tatting Newsletter


November 6 2012 Tatting Newsletter

Tatting in the News
Idaho Statesman Jan. 8, 1915
"Tatting Never Fails to Find a Good Market"

Miss Nicholas Finds Same Demand for Lacy Creations As Did Grandmother

One Boise woman has found that to "tat" is quite a comfortable way of making a living. "Tatting" is one of the time honored professions for women, ranking with the spinning wheel, and this dainty fancy work is now as much in vogue as it was 40 years ago.

Miss Emma [sic] Nichols, who does the most exquisite tatting, work which would compare favorably with that of her grandmother's day, says she cannot remember when she learned the art, since she did it at her mother's knee when she was to small to remember.
She now has almost as many orders as she can fill for both the fine and the coarser tatting. The latter she does evenings, when she is through her housework, and makes it into beautiful luncheon sets and centerpieces. The fine tatting, made from 100 thread, has to be done in the daylight. This is used for handkerchiefs, infants layettes and lingerie.
Miss Nicholas also does beautiful handwork, particularly hemming and she is in great demand when trousseaus are needed, to hem the linen or make lingerie or when baby dresses are required.
Speaking of her work, Miss Nicholas said that her prices were so reasonable that she would never get rich from her work, but, as she owns her little home, the money made from her needle work is sufficient for the rest of her needs. She likes it because, having poor health, she is able to rest when she is not feeling well, and then when she feels better, may make up for the lost time. In no other work could she do this, and then too, it is such feminine work that it specially appeals to her.
[Ed's note] I bet Miss Emma would marvel to see all the tatting being sold today on Etsy and Amazon!

Plain Dealer June 20, 1915
"To Launder Tatting"

A good method for successfully laundering tatting is to baste it firmly to a Turkish towel, then wash it as though it were part of the towel, says the Woman's World. When it is almost dry, press it with a hot iron, still on the towel, removing the basting threads and your tatting will be in good condition.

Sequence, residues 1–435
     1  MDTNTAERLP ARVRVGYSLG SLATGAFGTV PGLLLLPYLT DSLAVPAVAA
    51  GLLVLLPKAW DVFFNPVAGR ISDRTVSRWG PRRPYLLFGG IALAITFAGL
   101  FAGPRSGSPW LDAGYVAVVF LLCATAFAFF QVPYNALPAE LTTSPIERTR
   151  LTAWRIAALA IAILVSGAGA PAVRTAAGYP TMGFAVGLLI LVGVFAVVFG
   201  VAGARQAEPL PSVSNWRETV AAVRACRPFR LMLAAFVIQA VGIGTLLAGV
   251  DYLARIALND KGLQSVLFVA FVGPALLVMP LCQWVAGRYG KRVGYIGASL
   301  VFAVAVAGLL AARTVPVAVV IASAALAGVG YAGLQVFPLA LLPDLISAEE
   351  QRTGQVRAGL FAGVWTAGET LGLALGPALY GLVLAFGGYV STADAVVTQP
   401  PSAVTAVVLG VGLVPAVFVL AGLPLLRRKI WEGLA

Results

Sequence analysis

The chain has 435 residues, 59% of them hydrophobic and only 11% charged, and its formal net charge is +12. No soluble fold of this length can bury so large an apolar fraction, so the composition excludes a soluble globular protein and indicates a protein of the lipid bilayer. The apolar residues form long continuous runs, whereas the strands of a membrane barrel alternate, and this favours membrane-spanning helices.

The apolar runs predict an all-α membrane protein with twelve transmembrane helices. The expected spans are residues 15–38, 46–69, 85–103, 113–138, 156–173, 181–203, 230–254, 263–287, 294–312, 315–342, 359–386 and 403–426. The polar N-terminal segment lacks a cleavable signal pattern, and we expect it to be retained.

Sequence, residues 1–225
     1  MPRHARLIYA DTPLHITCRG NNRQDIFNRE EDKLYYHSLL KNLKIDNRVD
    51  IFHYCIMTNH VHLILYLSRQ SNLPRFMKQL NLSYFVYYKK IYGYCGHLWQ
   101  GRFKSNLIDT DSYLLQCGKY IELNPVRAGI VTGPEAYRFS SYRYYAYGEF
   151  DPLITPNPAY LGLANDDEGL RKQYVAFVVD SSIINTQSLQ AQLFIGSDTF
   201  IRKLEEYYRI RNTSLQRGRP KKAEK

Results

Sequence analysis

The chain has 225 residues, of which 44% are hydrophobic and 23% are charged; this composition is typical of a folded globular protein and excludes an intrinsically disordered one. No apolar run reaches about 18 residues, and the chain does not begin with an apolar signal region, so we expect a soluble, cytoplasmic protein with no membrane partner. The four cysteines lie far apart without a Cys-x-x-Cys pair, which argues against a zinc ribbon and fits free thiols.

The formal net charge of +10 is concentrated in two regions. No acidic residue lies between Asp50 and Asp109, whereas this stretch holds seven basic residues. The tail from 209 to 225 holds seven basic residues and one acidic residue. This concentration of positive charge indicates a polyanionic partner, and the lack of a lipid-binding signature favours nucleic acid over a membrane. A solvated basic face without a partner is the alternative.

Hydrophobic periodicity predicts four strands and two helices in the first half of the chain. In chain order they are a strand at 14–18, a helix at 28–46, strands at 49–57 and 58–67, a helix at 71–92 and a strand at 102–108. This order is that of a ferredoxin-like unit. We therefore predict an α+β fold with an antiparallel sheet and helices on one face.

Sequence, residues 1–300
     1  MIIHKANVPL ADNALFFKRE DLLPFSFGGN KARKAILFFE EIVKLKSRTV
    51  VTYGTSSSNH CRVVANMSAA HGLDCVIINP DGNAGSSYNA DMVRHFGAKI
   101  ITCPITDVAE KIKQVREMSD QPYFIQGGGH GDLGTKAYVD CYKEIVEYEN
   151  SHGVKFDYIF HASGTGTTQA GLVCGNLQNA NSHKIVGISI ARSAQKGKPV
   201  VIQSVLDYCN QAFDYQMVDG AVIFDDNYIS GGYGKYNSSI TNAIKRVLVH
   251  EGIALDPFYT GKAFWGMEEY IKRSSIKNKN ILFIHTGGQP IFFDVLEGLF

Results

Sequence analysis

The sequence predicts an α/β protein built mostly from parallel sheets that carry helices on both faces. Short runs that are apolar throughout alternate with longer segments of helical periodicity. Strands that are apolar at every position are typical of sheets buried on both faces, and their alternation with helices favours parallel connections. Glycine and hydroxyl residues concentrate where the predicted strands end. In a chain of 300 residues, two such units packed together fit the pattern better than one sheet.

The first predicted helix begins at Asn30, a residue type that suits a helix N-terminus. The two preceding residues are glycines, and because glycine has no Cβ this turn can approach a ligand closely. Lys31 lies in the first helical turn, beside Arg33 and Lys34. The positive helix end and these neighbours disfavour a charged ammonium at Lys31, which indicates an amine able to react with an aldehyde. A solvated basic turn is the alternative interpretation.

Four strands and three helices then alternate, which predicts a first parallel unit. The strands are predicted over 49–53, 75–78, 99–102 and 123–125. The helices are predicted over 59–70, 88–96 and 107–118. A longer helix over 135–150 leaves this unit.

[Ed's note] I seldom recommend pressing tatting with a hot iron. Pin out the lace when still damp and finger press open the picots. Kleenite Denture cleanser works well on spots on the lace.

Plain Dealer Dec. 04, 1921
"To Open Tatting Ring."
When a ring in tatting has been drawn up and you wish to open it again, loosen the last stitch or knot made, pulling out the thread an inch or more, then take hold of the back part of the ring and pull gently but firmly; the ring will open and thus you can undo the work in cases of mistake without breaking the thread. Lillian R.
[Ed's note] In the Online Tatting Class, I explain that to open a closed ring, go back to the last picot made (if there are no picots on the ring, go back one third of the way and go between two double stitches) and slide the double stitches slightly apart so that you can grasp the shuttle core thread , also known as the core thread, foundation thread or the carrying cord, with your shuttle's point, crochet hook or even a hemostat (clamp).
Pull gently on the shuttle core thread until 1/2" - 1" protrudes. Then move back on the ring to the previous picot and pull this slack back; then a third time at the starting point of the ring. Once this small of amount of shuttle core thread is pulled through backwards, you can grasp it and pull it in the normal fashion to enlarge the ring.

Here's the latest article from the Tatting site at BellaOnline.com.

VanDyke Edging by Sudie Sherrod Sudie Sherrod Needlecraft Magazine April 1933 pg. 24 An Especially Pretty Van Dyke Border


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